Challenging the Devadasi System from a Framework of Intersectionality



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The practice of marrying girls to deities or priests existed historically in many cultures across South Africa, Europe, and the Middle East. In India alone, this system is known by different names like Devadasi, Mathamma, Jogini, Basavis. Through this study, I represent the unheard voices of Devadasi women from South India and use HRD concepts and principles to synthesize the findings.

The field of HRD is not confined to the boundaries of an organization and can play a critical role in community development. This is the first step towards empowering the members of this system and it is hoped that the findings from this study will help inform the organizational practices of NGO?s working with this populace. This study includes a unique set of participants whose experiences have not been captured and examined using intersectionality and Bourdieu, thus contributing to literature.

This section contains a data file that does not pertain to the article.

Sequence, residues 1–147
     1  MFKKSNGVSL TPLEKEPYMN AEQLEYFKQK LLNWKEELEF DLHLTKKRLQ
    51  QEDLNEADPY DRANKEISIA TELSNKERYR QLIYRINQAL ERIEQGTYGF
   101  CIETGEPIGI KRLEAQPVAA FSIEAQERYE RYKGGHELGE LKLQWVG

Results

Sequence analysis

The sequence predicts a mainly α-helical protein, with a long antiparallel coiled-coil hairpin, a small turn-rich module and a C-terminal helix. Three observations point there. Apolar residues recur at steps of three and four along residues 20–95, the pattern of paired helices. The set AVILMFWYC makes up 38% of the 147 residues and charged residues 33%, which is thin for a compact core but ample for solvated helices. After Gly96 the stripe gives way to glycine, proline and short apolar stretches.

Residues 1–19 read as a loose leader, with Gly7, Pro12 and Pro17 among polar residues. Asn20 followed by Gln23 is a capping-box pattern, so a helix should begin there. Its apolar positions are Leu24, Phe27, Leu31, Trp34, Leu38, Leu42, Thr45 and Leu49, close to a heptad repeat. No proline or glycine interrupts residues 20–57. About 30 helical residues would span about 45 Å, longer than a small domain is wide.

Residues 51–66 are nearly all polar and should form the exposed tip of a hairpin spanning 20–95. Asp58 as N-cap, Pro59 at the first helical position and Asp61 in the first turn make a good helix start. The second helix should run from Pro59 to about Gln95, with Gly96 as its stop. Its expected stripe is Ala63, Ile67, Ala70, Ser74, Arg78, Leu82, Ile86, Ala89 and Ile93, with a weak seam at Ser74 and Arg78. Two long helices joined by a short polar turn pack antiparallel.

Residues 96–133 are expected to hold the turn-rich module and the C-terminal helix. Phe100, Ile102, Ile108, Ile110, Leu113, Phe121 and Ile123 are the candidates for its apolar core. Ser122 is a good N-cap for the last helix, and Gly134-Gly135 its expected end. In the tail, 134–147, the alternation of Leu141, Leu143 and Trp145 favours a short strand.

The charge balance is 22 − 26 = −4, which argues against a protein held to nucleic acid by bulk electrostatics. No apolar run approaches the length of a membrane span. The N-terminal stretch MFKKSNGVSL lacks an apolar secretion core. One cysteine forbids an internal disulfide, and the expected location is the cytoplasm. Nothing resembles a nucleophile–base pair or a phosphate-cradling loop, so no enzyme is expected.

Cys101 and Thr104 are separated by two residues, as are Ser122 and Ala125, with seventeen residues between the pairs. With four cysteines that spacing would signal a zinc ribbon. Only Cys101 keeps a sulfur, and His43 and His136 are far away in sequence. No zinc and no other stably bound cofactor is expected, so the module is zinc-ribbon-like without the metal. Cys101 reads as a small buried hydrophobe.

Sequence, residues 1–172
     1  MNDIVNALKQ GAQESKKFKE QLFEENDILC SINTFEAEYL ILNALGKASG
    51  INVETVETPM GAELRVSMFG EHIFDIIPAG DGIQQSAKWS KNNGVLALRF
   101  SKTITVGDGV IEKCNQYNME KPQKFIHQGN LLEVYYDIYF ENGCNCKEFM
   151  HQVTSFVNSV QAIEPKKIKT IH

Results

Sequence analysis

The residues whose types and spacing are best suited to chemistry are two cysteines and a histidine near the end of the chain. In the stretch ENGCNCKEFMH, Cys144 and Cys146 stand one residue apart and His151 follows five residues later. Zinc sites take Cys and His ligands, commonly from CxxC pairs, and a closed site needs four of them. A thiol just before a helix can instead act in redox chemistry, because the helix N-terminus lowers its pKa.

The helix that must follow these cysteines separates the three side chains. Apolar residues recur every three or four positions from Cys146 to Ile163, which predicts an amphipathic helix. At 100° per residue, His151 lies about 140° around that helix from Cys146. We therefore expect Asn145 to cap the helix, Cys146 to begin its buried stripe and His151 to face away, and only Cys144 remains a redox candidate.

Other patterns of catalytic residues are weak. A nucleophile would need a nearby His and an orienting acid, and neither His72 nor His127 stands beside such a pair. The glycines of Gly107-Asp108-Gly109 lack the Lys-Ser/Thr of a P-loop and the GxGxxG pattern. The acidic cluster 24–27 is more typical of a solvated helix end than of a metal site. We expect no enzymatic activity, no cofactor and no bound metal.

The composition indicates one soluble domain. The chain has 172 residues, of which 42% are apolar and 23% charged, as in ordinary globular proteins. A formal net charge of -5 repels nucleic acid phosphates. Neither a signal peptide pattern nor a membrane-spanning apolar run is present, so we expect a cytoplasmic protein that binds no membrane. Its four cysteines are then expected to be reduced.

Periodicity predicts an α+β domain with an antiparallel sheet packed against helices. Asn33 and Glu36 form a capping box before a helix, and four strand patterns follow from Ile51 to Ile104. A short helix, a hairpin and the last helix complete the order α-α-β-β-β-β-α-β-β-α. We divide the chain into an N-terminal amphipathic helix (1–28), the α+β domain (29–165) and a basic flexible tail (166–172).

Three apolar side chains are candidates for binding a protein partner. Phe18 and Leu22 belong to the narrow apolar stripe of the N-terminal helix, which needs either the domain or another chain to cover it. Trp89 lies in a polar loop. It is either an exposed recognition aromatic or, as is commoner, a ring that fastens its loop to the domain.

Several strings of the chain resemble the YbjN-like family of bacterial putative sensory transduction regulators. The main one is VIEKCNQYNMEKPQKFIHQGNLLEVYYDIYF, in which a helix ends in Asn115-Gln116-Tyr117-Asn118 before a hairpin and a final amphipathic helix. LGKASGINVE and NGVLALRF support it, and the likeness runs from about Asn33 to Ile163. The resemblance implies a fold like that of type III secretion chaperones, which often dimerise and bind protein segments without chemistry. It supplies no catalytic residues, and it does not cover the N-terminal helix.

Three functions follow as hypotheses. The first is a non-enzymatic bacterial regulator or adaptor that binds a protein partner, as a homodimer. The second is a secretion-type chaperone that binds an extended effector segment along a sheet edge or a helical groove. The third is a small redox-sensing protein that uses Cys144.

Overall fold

Data was collected through interviews with Devadasi women from South India, specifically Nizamabad, Mahabubnagar, and Tirupati. Five themes emerged from the data ? dichotomy, identity, status, fear and locus of control. The theme ?status? refers to the participant?s intersecting identities as women and as people from lower castes. The themes ?identity? and ?dichotomy? indicate cultural and economic capital respectively. It is the intersections of these forms of capital that create intersections in statuses, which collectively result in symbolic violence. This is evident from the last two themes, fear and locus of control, which were identified from the data.